Biman Bangladesh Airlines Retrieved on 2007-09-02. [67] "Biman makes its last flight to NY today". The Daily Star. 2006-07-29. d60729012414.htm. Retrieved on 2007-06-17. [68] "Biman to reroute NY flight to halve loss". The Daily Star. 2006-03-05. d6030501044.htm. Retrieved on 2007-05-25. [69] "Manchester Airport Reports and Images". Ringway Reports. April 2006. apr06fp.htm. Retrieved on 2007-05-25. [70] "International Aviation Safety Assessment Program". FAA. programs_initiatives/oversight/iasa/. Retrieved on 2007-05-25. [71] "What is happening to flight safety?". Weekly Holiday. 2003-09-26. Archived from the original on 2007-09-03. 20070903053626/ avi.html. Retrieved on 2007-05-25. [72] "Biman to suspend NY flights in June". New Age. 2006-05-04. busi.html. Retrieved on 2007-05-25. [73] "Biman not to continue flight to New York". New Age. 2006-07-27. front.html. Retrieved on 2007-05-25. [74] "Biman in a ferrango". The Bangladesh Today. 2006-05-17. archive/May’06/17-05-2006.htm. Retrieved on 2007-05-25. [75] "Bangladesh flight banned entry into US over safety issues". Aero-News Network. 2006-05-15. news/ commair.cfm?ContentBlockID=a95eb145-a031-4e44db331419dc68&Dynamic=1. Retrieved on 2007-05-25. [76] "CAAB warned of poor aircraft maintenance". The Daily Star. 2006-05-16. 2006/05/16/d6051601033.htm. Retrieved on 2007-05-25. [77] "U.S. Apologizes Again To Bangladesh For Barring Aircraft Landing". All Headline News. 2006-05-17.


From Wikipedia, the free encyclopedia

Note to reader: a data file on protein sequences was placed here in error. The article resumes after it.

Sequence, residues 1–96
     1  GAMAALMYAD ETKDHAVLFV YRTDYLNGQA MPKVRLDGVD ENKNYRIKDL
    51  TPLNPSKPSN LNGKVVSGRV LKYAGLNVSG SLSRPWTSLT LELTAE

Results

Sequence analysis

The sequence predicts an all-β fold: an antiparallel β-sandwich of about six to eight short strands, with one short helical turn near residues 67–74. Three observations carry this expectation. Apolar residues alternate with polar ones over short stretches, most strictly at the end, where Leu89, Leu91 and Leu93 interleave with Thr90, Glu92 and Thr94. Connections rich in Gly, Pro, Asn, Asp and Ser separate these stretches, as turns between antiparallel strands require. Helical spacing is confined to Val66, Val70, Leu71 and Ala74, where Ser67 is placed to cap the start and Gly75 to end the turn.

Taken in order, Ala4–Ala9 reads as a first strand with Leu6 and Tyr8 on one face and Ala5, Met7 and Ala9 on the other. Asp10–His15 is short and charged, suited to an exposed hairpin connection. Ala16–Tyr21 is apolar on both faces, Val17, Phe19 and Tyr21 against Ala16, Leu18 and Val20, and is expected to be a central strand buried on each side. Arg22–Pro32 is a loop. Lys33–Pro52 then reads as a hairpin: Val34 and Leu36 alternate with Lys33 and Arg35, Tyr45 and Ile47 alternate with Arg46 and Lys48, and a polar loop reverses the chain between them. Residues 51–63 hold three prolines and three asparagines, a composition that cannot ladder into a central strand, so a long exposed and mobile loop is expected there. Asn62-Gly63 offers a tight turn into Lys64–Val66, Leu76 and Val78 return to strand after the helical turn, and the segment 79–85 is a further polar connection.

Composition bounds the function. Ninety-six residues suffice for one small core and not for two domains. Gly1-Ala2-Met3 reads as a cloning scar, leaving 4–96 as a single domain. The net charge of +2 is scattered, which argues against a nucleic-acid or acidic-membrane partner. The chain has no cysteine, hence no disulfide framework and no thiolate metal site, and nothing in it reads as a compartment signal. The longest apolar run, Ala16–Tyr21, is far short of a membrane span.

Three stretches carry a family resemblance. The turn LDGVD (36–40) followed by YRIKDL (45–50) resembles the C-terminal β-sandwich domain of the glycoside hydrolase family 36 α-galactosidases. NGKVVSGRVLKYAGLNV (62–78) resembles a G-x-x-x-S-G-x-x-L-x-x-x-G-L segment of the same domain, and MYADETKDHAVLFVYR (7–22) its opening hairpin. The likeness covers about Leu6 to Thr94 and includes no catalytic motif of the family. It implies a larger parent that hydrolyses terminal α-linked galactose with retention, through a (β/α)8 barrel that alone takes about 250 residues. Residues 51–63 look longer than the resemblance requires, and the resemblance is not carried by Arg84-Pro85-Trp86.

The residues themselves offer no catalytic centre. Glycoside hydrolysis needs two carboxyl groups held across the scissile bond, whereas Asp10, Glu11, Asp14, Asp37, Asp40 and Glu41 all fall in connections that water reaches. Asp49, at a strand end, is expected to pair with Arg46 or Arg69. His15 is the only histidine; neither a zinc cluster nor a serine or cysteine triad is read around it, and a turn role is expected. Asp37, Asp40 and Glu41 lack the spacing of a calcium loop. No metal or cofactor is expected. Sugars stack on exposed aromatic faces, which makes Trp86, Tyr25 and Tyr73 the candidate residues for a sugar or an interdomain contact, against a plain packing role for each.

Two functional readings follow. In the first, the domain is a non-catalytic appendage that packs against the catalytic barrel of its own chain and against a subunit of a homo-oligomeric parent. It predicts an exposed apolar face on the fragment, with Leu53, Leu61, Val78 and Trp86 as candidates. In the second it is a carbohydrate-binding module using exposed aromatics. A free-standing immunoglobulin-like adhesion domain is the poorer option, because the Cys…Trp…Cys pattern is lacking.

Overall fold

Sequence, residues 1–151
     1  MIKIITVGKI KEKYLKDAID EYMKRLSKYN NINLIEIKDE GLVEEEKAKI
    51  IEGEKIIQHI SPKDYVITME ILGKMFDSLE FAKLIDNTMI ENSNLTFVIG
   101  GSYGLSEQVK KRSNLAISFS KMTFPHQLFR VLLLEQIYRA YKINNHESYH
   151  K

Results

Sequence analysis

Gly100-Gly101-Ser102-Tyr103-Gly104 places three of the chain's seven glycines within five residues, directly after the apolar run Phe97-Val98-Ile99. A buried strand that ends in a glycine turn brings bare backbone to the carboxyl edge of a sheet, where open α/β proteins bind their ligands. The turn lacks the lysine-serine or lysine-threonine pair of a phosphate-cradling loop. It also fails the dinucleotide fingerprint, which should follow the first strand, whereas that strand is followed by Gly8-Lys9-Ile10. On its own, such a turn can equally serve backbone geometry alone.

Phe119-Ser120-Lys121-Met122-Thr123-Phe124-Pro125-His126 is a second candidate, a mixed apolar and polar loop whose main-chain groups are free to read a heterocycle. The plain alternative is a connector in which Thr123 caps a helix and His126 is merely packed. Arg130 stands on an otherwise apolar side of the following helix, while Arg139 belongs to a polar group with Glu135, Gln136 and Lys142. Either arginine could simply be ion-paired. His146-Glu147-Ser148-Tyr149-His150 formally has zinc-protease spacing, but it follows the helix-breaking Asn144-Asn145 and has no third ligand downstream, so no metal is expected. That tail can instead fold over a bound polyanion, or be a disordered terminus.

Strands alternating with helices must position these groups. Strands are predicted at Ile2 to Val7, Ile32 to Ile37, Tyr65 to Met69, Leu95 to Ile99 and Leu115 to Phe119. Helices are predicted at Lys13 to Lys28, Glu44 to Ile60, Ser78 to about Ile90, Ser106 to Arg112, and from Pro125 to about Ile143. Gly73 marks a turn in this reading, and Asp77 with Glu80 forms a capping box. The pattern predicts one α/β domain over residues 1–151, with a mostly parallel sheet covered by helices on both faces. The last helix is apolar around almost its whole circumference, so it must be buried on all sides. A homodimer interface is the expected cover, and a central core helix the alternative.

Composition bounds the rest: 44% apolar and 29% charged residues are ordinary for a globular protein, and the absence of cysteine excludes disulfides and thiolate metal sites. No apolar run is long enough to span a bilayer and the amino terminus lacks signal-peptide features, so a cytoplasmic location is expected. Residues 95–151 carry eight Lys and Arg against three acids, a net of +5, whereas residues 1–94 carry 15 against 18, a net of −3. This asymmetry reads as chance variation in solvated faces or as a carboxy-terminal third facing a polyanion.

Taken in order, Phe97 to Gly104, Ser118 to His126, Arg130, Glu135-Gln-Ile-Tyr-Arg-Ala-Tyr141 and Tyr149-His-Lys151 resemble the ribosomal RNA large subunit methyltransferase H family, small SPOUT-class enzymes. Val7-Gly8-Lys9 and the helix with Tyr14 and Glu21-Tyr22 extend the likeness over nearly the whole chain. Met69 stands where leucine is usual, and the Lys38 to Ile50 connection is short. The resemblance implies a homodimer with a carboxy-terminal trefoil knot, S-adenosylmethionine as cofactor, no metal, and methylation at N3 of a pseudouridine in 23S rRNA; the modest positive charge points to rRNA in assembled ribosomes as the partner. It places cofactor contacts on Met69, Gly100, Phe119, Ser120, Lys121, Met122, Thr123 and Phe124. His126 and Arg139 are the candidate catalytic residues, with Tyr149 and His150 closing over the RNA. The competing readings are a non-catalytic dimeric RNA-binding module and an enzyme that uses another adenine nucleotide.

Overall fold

Biman Bangladesh Airlines thousands-of-pilgrims/. Retrieved on 7003611946. Retrieved on 2007-05-25. 2007-08-30. [78] "US says Biman landing ban was a [88] "3-yr National Hajj Policy okayed". The mistake". Aero-News Network. Daily Star. 2007-06-17. 2006-05-17. news/ d70617011711.htm. Retrieved on commair.cfm?ContentBlockID=533182a0-627a-4945-91b7-c9cad508cd3b&Dynamic=1. 2007-08-30. Retrieved on 2007-05-25. [89] "Phuket scraps hajj deal with Biman". [79] "Bangladesh Biman hits the buffers". The Daily Star. 2007-08-05. BBC News Online. 2006-05-16. d70805012714.htm. Retrieved on south_asia/4986586.stm. Retrieved on 2007-08-30. 2007-05-25. [90] "Australian pvt airline chosen for hajj [80] "Saturday saw the last DC 10 Dhakatrips". The Daily Star. 2007-08-27. New York flight". New Age. 2006-07-30. story.php?nid=1649. Retrieved on front.html. Retrieved on 2007-05-25. 2007-08-30. [81] "Biman’s domestic flights partly [91] "Scared minister skips ATP flight, drives restored". The Daily Star. 2008-03-06. to Syedpur". The Daily Star. 2003-10-15. story.php?nid=26354. Retrieved on d3101501077.htm. Retrieved on 2008-09-24. 2007-06-01. [82] "Khaleda opens Hajj flights". The New [92] "Corporate profile". Biman Bangladesh Nation. 2005-12-11. Archived from the Airlines. original on 2007-09-27. aboutus/corporate_profile.asp. Retrieved on 2007-06-09. 20070927175928/ [93] "Aircraft Registration History". view.cgi/38/23763. Retrieved on 2007-08-30. Retrieved on 2007-05-29. [83] ^ "Stranded pilgrims fly out of Dhaka". [94] "Biman’s obsolete planes". The Daily BBC News. 2002-02-07. Star. 2005-11-02. south_asia/1805425.stm. Retrieved on d51102110182.htm. Retrieved on 2007-08-30. 2007-05-29. [84] "Mir Nasir resigns". The New Nation. [95] "Air Operators in Thailand". 2005-11-17. Archived from the original on 2007-09-27. Operators%2009.htm. Retrieved on web/20070927175320/ 2007-05-29. [96] "Biman set to purchase two old F-28s". view.cgi/36/23236. Retrieved on 2004-02-27. Archived from the original 2007-08-30. on 2007-04-03. [85] "Biman prepares for smooth hajj flights". web/20070403013310/ New Age. 2006-11-13. aviatour.html. Retrieved on 2007-05-29. nat.html. Retrieved on 2007-08-30. [97] "Biman’s 3 flights delayed for 40 hours: [86] "Foreign airlines won’t offer extra flights Passengers stranded at ZIA without food, for Hajj pilgrims". New Age. 2006-12-11. shelter". The New Nation. 2007-07-07. nat.html. Retrieved on 2007-08-30. article_37383.shtml. Retrieved on [87] "Hajj still uncertain for thousands of 2007-08-30. pilgrims". [98] ^ "Replacing age-old fleet must for 2006-12-16. saving Biman". The Daily Star. 2007-07-10. 2006/12/16/hajj-still-uncertain-for2007/07/10/d7071001033.htm. Retrieved on 2007-08-30.